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Over the next three days, KSMU will dive into the human subconscious, and look at the exact sciences and anatomy behind why some people just don’t sleep well.KSMU’s Ryan Farmer kicks off this series today by asking experts what causes sleep deprivation in both adults and children.
It’s Monday morning again.After hitting the snooze button several times, and downing two cups of coffee, you finally make it to work and start the work week all over again.But the night before, you lay awake for hours, thinking of the mortgage you’re struggling to pay, your sick child, and a dozen other concerns.Now, your lack of sleep has caught up with you.
“A lot of times sleep deprivation is a lifestyle choice, or imposed upon by others through shift work, sleep disorder, or financial stresses,” says Dr. Jennifer Lynch.
Dr. Jennifer Lynch is a neurologist and the medical director of the Cox Sleep Disorder Center in Springfield.She treats patients in the sleep clinic who are frustrated that they’re not getting the rest they need.Dr. Lynch says that by the time someone reaches adulthood, they have experienced and felt the effects of sleep deprivation.
“There’s a primary insomnia where people just don’t sleep well. They are a different category. They can’t sleep at night; they can’t sleep in the day either. Then there’s insomniacs that have a secondary insomnia because of stress with their jobs, stress with their relationship, whatever, keeps them from sleeping at night. And then they have day time consequences where they don’t function well," says Lynch.
Lynch says these consequences can include irritability, and lack of motivation, and that they can even mimic depression.She says that depression is often closely linked to sleep deprivation in adults.
“Depression has approximately 80 percent co morbidity with insomnia, very strong. So that when we treat the depression, sometimes we improve the sleep. Not always, but we almost always improve people’s perception of their sleep when we successfully treat insomnia. But they go hand in hand, more than any other disease," says Lynch.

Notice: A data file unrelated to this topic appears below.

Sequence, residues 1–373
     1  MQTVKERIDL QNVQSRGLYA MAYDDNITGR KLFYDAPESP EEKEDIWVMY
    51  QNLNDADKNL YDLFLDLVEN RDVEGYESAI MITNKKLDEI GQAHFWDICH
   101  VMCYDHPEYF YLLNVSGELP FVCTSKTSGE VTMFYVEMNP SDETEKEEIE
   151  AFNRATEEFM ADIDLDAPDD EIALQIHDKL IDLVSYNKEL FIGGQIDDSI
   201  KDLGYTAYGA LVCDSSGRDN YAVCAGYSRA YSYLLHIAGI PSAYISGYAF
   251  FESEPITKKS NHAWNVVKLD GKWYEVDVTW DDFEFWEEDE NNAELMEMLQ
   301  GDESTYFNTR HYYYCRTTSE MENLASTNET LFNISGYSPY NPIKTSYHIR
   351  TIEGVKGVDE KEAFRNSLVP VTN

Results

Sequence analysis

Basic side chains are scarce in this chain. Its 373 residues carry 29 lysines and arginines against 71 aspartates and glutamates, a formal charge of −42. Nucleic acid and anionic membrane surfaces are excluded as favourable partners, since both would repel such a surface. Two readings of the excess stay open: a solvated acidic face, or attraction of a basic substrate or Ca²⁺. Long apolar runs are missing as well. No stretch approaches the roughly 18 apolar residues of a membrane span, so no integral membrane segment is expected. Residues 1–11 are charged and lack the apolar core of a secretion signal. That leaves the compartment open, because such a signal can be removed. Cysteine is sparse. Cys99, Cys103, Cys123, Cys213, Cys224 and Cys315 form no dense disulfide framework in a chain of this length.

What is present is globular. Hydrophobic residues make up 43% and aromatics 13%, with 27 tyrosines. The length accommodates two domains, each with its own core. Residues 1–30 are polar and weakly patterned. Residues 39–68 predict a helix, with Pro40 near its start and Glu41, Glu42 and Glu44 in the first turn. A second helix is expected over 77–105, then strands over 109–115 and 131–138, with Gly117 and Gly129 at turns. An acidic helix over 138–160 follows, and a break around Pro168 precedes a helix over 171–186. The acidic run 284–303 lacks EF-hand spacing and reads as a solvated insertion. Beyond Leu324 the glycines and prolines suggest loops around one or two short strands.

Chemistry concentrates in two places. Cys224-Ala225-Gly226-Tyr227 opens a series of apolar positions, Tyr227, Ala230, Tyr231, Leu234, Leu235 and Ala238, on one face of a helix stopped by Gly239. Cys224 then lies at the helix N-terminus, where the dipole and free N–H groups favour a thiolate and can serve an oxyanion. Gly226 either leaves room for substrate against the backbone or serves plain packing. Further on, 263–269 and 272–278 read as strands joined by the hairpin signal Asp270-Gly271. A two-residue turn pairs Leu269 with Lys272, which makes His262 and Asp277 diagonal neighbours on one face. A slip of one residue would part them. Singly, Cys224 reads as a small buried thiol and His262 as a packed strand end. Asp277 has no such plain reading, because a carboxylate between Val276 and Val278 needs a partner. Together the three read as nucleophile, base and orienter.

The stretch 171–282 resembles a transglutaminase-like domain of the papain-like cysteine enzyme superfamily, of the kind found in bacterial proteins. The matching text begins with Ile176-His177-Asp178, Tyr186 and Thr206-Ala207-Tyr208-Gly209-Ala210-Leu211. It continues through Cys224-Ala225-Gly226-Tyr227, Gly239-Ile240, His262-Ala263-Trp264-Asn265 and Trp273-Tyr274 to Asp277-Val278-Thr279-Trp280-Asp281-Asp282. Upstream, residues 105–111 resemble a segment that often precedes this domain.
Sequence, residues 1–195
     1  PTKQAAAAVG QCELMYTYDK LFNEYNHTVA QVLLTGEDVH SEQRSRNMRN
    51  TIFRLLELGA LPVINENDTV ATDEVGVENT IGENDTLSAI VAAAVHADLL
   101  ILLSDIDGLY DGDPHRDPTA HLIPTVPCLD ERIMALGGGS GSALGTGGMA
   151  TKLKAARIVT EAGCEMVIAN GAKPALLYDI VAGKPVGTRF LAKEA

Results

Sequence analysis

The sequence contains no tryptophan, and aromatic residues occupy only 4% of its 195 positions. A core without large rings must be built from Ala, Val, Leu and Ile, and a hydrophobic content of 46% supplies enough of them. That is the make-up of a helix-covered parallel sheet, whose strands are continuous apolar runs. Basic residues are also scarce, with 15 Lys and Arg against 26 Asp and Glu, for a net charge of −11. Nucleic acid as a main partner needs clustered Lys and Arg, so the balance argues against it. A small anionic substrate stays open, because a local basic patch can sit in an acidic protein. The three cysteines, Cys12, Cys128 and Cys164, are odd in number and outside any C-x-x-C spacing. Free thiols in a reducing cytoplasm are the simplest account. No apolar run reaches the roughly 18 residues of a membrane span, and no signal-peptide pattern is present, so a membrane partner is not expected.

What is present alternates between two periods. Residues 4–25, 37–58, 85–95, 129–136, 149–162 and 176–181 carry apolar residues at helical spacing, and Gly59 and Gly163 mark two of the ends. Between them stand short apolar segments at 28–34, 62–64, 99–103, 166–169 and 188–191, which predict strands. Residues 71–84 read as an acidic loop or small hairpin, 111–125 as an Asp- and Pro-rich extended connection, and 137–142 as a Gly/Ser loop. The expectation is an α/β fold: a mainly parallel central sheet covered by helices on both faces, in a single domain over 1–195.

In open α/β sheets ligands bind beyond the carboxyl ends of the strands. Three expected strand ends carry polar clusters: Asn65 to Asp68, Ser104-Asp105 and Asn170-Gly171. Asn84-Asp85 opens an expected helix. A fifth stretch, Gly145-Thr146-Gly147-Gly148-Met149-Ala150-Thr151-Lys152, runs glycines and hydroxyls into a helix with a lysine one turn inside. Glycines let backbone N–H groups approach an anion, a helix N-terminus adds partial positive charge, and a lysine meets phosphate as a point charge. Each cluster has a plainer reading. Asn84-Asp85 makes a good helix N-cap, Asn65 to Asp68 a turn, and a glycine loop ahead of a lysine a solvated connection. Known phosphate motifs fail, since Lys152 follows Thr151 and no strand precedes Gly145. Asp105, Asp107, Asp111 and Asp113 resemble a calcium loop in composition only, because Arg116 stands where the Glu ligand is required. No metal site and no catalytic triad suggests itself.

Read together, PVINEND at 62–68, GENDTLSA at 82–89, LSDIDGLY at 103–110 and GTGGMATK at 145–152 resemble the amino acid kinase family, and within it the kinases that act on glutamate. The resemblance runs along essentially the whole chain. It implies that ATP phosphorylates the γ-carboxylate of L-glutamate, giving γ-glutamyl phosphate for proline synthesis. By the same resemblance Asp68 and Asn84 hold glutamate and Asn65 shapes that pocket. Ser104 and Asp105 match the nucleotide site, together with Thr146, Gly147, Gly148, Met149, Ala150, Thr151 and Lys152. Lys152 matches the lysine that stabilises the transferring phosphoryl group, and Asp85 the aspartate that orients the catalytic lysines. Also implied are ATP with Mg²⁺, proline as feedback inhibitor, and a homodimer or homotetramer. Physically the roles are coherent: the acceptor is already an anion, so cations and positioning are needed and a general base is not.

Dr. Lynch says that stress and worry do cause sleep loss.But she says that sleep deprivation in adults is primarily due to their lifestyle choices. She says that since sleep deprivation is not always treatable through clinical means, it really is up to the individual to fix their lifestyles.She recommends having a routine, a healthy diet, exercise, and having a good use of time management, all practices that she says constitute, “good sleep hygiene.” Brenda Bennett is a flight nurse at Cox Health, and she says that her loss of sleep is caused by her irregular schedule.
“I work sometimes days, sometimes nights so sleep is broken. Sometimes there are nights where you don’t have sleep and then you have to reverse to on your days off to fit your child’s schedule. So sometimes you go a long period of time without any sleep, and then you get maybe six, seven, eight hours a night. So it’s just irregular and kind of causes some chronic fatigue,” says Bennett.
Bennett, who’s a mother to a three-year-old daughter, says that often her fatigue directly affects her day-to-day activities, both large and small.
“When I’m tired it makes it more difficult with my daughter, to have the patience that I would typically have with her. And sometimes you have to make lists and stuff, and sometimes little short term things you forget just because you’re tired. It’s harder to cook at home when I cook meals, and do stuff like that when you’re tired,” says Bennett.
And adults aren’t the only people who struggle with sleep loss.Dr. Lynch says that even though children don’t have the daily stresses adults do, they too lie awake at night in bed, wishing they could nod off.Lynch says that a major factor in a child’s lack of sleep is over-stimulation.
“If you give kids the right sleeping environment for the right amount of time they get enough sleep. The problem is I think today’s society we’ve got too much stimulation. A kid has a computer, T.V., a cell phone, a D.S., all these things at their disposal. So they are choosing not to sleep because of these things, and then are forced to have an early bedtime," says Lynch.
Lynch also correlates childrens’ lifestyles to their parents’.
“We’re treating the wrong people when we treat the kids that have sleep disorders because usually it’s the parents. But the parents don’t have a routine, and they’re a little chaotic in their life and so it’s very hard for them. They need to develop these skills before they can work on their kids sometimes,” says Lynch.
Dr. Lynch says that she tries not to reprimand parents by telling them what to do for their kids.But she does suggest that healthy changes need to be made while their kids are still young, because it can become a problem if they wait too long.She says she thinks that parents are not doing their children a service by affecting their kids’ lives with their own unhealthy sleep schedules.Other experts recommend establishing a bedtime routine for your children: like giving them a bath, reading a book, and playing soft music the same time each night.
For KSMU News, I’m Ryan Farmer.